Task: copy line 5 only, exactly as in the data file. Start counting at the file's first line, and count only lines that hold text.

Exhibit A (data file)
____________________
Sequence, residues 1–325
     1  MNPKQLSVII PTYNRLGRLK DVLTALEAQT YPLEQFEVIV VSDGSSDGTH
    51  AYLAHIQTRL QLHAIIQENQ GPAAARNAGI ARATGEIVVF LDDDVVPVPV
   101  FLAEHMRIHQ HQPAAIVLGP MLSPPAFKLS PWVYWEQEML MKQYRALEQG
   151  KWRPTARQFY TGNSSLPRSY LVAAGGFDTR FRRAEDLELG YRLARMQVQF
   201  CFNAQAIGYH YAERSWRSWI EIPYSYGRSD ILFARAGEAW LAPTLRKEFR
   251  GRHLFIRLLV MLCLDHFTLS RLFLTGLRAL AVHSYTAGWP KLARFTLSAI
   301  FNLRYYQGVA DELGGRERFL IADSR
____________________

   151  KWRPTARQFY TGNSSLPRSY LVAAGGFDTR FRRAEDLELG YRLARMQVQF